This is a series that has been showing on Saturday nights on ABC TV for several weeks now, and after a slightly shaky start, it's not half bad.
I've always had a soft spot for films and TV series about the old British Raj in India. It's a fascinating period in Indian history, and in British history too, but sadly it hasn't featured hugely in recent times in films and TV. "Indian Summers" remedies that deficiency a little.
This British series is created by Paul Rutman and set in British India in the early 1930s. The story revolves around the custom of the British rulers, the top bureaucrats of the Indian Civil Service, to move to the mountain town of Simla during the Indian summer, to escape the heat of the plains. There is Ralph Whelan, aloof and autocratic, a senior assistant to the Viceroy. There is his sister, Alice, fleeing a mysterious husband back in England. There are Madeleine and Eugene, American expatriates visiting Simla, who are trying, along with Cynthia the social doyenne of the expat Royal Simla Club, to match Madeleine with the very eligible Ralph, who is single. Ralph has an ambitious Indian assistant, Aafrin, who cops a bullet when a mysterious assassin fires at Ralph. Both Ralph and Aafrin survive, while the assassin dies in jail. Ralph and the white Establishment try to link the assassination attempt with the nationalist Congress Party. Aafrin's sister is a political activist with Congress sympathies, so she is endangered by the investigation. On top of all this, Dougie, a British missionary, tries to deal with his love for Indian beauty Leena, while his jealous and frustrated wife, Sarah, tries to fill her empty days by intriguing against everyone.
One of the only two actors in this series who I recognised, is the veteran English star Julie Walters, who plays the scheming and know-it-all Cynthia, who runs the expat club and tries to organise the lives of all the British. As usual, she is excellent. The key role of Ralph Whelan is played by Henry Lloyd-Hughes in true, superior British colonial style. He is very good. As his beautiful sister Alice, we have Jemima West, who is excellent at portraying a character with something to hide. The other veteran English actor who I knew, is Patrick Malahide, who plays the Viceroy as to the manner born, wearing his vice-Regal authority with nonchalant ease. The Indian characters are convincingly played by actors from the sub-continent, or whose forebears certainly were.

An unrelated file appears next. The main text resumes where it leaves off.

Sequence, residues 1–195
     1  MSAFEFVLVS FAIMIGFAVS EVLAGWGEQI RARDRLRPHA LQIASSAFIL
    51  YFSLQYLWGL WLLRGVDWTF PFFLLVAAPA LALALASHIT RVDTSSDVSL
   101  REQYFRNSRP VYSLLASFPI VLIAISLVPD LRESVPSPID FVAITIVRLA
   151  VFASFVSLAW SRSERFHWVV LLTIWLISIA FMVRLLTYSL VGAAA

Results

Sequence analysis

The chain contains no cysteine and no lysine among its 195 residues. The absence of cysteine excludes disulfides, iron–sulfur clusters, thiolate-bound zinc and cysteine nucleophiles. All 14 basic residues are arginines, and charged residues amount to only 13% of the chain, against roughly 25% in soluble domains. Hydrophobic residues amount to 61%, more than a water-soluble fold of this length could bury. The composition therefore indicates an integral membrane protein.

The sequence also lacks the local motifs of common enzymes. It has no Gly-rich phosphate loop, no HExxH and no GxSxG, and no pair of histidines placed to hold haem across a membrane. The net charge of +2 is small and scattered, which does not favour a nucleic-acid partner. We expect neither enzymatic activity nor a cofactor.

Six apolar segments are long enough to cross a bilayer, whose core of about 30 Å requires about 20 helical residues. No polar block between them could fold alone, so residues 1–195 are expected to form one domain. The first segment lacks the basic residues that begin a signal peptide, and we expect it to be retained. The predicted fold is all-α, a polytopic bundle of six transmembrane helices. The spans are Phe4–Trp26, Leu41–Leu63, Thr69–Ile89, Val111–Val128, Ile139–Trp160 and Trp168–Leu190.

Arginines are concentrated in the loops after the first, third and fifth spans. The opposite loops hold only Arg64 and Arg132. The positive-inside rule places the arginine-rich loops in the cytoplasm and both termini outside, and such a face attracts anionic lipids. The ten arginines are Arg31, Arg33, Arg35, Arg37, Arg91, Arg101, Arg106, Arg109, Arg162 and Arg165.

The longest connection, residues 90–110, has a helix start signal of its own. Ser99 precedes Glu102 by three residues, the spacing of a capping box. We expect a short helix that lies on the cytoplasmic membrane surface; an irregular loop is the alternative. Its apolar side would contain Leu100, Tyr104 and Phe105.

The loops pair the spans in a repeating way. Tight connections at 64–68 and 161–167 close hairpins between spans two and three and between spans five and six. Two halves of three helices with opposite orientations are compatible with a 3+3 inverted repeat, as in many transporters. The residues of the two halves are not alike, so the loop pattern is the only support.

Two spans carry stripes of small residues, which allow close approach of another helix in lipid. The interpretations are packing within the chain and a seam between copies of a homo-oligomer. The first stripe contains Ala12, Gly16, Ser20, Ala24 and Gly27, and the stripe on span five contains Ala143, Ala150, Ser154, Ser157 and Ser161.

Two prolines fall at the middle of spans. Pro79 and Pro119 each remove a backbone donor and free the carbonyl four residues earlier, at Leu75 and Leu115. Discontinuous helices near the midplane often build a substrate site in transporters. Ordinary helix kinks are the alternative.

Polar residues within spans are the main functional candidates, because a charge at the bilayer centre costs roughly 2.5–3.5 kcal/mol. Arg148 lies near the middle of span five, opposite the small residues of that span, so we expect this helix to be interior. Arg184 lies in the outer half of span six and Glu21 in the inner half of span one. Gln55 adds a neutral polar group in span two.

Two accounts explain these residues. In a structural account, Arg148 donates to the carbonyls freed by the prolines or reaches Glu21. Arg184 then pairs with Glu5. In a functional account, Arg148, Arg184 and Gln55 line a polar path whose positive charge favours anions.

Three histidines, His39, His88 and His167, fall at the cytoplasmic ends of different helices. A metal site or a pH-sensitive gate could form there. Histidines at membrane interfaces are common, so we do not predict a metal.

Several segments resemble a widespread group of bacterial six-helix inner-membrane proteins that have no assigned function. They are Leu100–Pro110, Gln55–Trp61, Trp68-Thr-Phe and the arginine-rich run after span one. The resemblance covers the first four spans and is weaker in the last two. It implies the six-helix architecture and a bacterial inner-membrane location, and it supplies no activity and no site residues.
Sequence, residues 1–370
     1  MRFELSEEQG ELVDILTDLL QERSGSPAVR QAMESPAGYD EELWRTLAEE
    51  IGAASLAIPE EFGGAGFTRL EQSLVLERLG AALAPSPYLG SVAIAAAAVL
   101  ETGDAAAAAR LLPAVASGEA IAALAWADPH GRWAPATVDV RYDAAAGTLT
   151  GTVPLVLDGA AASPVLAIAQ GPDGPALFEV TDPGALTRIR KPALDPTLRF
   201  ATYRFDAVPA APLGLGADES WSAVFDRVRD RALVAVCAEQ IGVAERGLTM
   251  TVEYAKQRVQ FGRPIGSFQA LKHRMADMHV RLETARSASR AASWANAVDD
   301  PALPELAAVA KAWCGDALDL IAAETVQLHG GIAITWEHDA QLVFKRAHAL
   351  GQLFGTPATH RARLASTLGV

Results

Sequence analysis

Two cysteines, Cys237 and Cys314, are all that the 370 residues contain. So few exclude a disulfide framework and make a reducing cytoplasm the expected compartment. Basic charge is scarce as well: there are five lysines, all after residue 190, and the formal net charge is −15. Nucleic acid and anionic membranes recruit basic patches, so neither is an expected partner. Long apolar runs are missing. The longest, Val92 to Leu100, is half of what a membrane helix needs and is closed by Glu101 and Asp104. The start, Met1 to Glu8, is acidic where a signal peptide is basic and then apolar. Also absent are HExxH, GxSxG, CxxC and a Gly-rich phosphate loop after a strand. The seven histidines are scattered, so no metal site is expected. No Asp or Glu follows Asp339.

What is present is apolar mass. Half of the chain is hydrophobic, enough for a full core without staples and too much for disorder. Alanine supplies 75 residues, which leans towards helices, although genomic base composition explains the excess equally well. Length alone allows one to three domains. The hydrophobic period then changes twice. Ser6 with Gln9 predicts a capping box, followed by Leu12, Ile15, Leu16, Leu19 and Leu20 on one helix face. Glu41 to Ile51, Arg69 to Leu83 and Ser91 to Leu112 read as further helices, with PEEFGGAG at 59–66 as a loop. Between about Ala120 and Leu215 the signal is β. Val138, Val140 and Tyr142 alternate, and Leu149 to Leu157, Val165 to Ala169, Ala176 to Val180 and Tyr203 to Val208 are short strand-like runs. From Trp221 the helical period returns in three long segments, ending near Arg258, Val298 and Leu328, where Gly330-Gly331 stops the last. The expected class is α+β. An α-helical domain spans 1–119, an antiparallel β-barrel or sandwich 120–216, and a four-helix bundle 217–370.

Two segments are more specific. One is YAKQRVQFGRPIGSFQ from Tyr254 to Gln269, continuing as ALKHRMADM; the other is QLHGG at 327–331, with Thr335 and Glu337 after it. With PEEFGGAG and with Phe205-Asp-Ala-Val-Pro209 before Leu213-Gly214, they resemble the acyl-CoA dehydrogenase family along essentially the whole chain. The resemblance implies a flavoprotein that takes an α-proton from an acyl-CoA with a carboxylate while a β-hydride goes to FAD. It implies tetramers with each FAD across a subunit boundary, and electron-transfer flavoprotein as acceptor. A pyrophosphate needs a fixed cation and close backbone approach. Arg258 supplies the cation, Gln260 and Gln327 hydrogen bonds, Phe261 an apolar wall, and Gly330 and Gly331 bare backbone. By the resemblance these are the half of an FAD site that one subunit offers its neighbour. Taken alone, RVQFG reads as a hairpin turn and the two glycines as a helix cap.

Unfortunately, the series wasn't filmed in India – too many modern buildings in present-day Simla, apparently, so they filmed it in Penang, Malaysia. I've been to Penang; parts of it would (and do) double very nicely as colonial India. So, the “Indian” atmosphere of the series is actually not too bad.
I couldn't help comparing "Indian Summers" with another British TV series, made back in the 1980s, "The Jewel in the Crown", based on "The Raj Quartet" of novels by Paul Scott. This was another excellent series about life in the British Raj, although set in India during World War II. It featured young actors such as Geraldine James, Art Malik, Tim Pigott-Smith, and Charles Dance, who all went on to stellar careers in later years. Unlike "Indian Summers", "Jewel" used actual Indian locations. It re-created beautifully the atmosphere and style of what the Raj must have been like in its final years (India got its independence in 1947). "Jewel" was a mini-series, so did not need to run to a second season.
While its genuine Indian locations helped give "Jewel" a superior look to "Indian Summers" in my opinion, both series feature a common, central event: an act of violence perpetrated by an Indian against a British expat. In "Summers", an Indian takes a shot at Ralph. In "Jewel", a British woman is raped by an Indian gang. Both series then proceed to examine British – Indian relations, both at an individual and political level, in the light of these violent acts. Both series show, without flinching, the discriminatory attitudes by the British towards Indians, who were treated as inferiors in their own country. Signs saying "no dogs or Indians allowed", Indians barred from British clubs, Indian prisoners tortured in jail, whole streets where only Europeans were allowed to go – the British had a lot to answer for, and in some ways it is surprising that relations between the two countries, these days, are pretty good.
I bought the boxed DVD set of "The Jewel in the Crown" quite some years ago, and regularly pull it out for another look. The series always repays, at least to me, another viewing. If that era of British and Indian history interests you, I thoroughly recommend it.
As for "Indian Summers"? Yes, although I thought the first episode a little shaky, it has picked up a lot since then. I'm thoroughly enjoying it. There are so many teasing questions: Will Ralph and Madeleine get it together? Why was Ralph targeted? What is Alice's secret back in the UK? And what is the significance of the young, mixed-race kid who keeps mysteriously appearing in each episode? It's got me hooked. So, if you like that historical period, give it a go. I think you'll become a convert.
ABC TV is currently showing the first season. A second season has been filmed, so hopefully it will turn up on Australian TV screens in the not too far distant future. But that, ladies and gents, will be it. According to TV gossip on the Internet, although five seasons of "Indian Summers" were planned, it was cancelled after two. The ratings weren't good enough.
So much for quality TV in this age of mediocrity.